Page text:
We also need to give schools more support and help in dealing with behavioural problems. The 'BEST' programme and RTLBs are aimed at doing just that. Perhaps our most difficult challenge is managing students that have been permanently suspended.

New Zealand must remain true to the goal of having every student under 16 in a meaningful education programme. Let's not pretend the hundreds enrolled at the Correspondence School are beavering away over their correspondence school papers. And this is not a criticism of the Correspondence School staff but a statement of fact that distance education is not the answer for these students.

The great challenge in the next two years is to effectively use the $36 million commitment from Government to deliver quality programmes for these students.

In tackling social issues, National is a strong proponent of early intervention. A pre-schooler on 'Family Start' costs just over $1,000 per year, a wayward teenager over $10,000 per year in an alternative education centre, or, as I know all too well from my time as Minister of Corrections, $70,000 per year for an inmate at Paremoremo. Clearly, it makes greater economic as well as social sense, to intervene early.

Research shows it is possible to identify high risk families. Family Start is a joint welfare, health, education initiative to help these families early on. There will be 3,500 families on Family Start next year. It sits alongside programmes like 'HIPPY', 'PAFT' and 'Awhina Maatua' helping thousands of children in the early years.

GREATER SCHOOL AUTONOMY
The fourth and final strand to our education policy is greater school autonomy.

We believe in local communities, and the rights of parents to have a real say in their children's education. We believe New Zealand's 2700 principals and boards are closer to children's needs and are better able to make resourcing choices than ministers and bureaucrats in Wellington.

The Government's role is to provide adequate funds, set high standards and insist upon results. We must also have the judgement to get alongside those schools that need help and keep out of the way of those schools that don't.

Schools receive resourcing from three major funding streams: operations, staffing and property. Schools have made a stunning success of operations grants. I have greater confidence that we are getting more value for money for our students from this $800 million than any other share of the $7 billion education budget. On staffing, schools have a choice to be self-managing through the bulk funding option. On property, we still run a highly centralised system. It's slow, unresponsive and doesn't encourage innovation. National's focus will be on developing the policy to give schools the choice to manage their own property. It’s the logical next step of Tomorrow's Schools.

I also want to put to you a radical thought. If education is the question, are our current schools always the right answer? Talk to people like Mike Moore or Wally Stone (head of Kaikoura Whale Watch), and they will tell you they are not. This doesn’t mean tipping our schools on their end, but acknowledging that for some students it doesn't work.

My problem is that innovative solutions are hindered and not helped by the current Education Act. Youth Nelson, a creative programme for suspended students in my home town, is hamstrung by the law. So too is the He Huarahi Tamariki programme for teenage sole parents here in Wellington.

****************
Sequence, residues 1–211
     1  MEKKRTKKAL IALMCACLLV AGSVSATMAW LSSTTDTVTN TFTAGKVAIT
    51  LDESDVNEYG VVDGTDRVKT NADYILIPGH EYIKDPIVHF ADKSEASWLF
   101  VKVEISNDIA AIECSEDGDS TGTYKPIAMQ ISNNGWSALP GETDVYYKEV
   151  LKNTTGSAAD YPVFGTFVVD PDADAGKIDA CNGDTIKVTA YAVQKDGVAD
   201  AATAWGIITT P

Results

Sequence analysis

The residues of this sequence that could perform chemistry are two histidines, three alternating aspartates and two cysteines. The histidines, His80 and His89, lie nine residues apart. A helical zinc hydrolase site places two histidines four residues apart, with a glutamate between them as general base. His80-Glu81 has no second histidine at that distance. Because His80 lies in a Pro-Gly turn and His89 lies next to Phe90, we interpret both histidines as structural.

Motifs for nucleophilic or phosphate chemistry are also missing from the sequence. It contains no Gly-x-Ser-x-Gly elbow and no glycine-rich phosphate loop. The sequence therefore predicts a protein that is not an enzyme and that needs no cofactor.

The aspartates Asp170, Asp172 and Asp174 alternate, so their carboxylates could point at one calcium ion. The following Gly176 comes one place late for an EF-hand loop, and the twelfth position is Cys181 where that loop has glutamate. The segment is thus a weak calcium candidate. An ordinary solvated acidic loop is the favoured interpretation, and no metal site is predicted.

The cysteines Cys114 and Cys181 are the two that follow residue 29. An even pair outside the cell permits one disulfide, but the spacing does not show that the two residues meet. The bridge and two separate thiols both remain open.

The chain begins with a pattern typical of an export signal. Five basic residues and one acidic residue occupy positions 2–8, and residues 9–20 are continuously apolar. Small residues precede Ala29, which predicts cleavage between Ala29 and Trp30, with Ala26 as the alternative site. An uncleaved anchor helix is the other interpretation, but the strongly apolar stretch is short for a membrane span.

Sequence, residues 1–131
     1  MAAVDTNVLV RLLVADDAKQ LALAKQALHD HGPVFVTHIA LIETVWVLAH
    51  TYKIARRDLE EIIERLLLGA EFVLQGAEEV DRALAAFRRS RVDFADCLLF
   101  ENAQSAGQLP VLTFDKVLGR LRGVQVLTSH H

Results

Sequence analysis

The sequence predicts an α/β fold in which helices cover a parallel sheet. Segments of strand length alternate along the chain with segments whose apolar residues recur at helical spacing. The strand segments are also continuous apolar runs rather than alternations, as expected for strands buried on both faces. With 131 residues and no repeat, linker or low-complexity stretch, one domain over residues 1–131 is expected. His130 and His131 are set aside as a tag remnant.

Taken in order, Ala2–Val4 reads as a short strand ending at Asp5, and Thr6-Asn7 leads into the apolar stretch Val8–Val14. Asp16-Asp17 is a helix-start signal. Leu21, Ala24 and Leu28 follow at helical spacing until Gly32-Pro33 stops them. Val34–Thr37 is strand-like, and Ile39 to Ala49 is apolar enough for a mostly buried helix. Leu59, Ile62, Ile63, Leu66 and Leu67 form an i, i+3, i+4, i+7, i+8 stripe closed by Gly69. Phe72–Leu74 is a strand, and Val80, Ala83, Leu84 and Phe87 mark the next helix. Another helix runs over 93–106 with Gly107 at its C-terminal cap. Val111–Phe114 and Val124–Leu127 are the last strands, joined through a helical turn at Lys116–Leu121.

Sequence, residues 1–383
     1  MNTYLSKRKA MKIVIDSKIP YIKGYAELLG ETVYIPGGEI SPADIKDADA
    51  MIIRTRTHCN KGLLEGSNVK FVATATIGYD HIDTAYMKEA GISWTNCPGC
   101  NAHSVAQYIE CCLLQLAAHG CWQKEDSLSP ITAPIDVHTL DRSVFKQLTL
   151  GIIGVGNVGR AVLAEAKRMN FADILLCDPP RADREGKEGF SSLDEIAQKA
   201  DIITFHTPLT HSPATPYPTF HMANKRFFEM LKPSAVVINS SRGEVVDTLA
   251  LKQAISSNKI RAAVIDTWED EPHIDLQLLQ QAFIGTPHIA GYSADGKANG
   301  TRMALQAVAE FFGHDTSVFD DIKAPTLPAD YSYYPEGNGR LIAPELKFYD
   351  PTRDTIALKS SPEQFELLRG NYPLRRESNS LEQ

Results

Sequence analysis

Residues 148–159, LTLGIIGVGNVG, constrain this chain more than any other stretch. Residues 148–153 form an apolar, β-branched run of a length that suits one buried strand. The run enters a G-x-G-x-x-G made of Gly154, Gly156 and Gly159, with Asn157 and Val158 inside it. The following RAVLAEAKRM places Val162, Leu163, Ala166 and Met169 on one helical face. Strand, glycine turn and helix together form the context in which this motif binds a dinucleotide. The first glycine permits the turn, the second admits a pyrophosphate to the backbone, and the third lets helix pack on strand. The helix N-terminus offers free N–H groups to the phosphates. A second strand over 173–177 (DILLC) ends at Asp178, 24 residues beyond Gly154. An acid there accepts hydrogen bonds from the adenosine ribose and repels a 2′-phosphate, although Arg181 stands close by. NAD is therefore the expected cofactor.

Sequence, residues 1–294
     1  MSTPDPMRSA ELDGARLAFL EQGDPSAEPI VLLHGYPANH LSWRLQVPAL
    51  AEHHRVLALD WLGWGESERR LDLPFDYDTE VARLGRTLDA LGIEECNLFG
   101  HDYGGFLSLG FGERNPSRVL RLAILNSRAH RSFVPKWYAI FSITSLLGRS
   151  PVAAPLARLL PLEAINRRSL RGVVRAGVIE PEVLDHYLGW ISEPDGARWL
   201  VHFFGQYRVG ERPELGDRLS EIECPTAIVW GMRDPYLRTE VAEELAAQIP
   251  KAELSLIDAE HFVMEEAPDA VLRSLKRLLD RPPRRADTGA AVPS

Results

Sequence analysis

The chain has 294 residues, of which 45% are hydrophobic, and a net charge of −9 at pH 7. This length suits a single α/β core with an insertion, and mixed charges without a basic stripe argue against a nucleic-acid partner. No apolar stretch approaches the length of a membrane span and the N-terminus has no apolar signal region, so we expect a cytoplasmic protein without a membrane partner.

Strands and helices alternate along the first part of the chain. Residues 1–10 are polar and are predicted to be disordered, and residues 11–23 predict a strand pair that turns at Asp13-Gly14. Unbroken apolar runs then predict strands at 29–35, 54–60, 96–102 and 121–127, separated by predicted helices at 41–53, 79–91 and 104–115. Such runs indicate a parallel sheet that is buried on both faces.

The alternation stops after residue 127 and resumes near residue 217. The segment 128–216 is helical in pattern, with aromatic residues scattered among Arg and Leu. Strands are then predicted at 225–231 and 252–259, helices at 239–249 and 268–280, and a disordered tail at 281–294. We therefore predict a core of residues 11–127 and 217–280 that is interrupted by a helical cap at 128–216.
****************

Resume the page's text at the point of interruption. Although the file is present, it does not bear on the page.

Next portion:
A further issue is the 'one size fits all' philosophy behind the current Act. We need to give scope to greater innovation and flexibility. Options like multiple schools governed by a single board and shared management need greater provision. We also need to focus on reducing bureaucratic red tape in the school sector. These are the sorts of issues that need addressing in the forthcoming review of the Education Act.

I want to conclude my address with an announcement on the issue of ongoing teacher education.

These decisions are consistent with National's approach of giving schools and boards more say. We believe schools are better placed to determine their ongoing professional development needs than the Ministry of Education. It is plain common sense.

This decision is the consequence of extensive consultation. We are not driven by ideology but by what is best for schools and students. We are not going to divest responsibility for funding for the rural advisory service. We have also decided to retain those professional development services associated with central government initiatives like curriculum changes, new qualifications frameworks and those for schools at risk.

The Government has decided to devolve the other funding of $21.5 million of professional development services, to schools. Schools will have the option of taking up their share of funding in 2001 and in the following year it will be included in all schools' operations grants.

I'm confident schools will get better value for money from these divested funds. Teacher training needs to be tailored to schools' needs, not the Ministry's. The purchase of teacher professional development by schools is not new. Of the current $60 million spent on teacher professional development and support, $20 million is already purchased by schools. This decision effectively doubles this.

The Government acknowledges that this will put extra pressures on Colleges of Education. To their credit, they are supportive of the change and want a more direct relationship with schools. We have agreed to help fund restructuring costs for the colleges. These are sound changes that will benefit teachers and students.

For those who want cosy, centralised structures that deny schools choice and flexibility, this announcement will seem threatening. For those who want education taken forward, this presents exciting opportunities for innovation.

CONCLUSION
Our ambitions for education look forward, not backward. We have confidence in schools, not bureaucracies. We value excellence, not mediocrity. We seek innovation, not stagnation. We want nothing less than the very best for our students.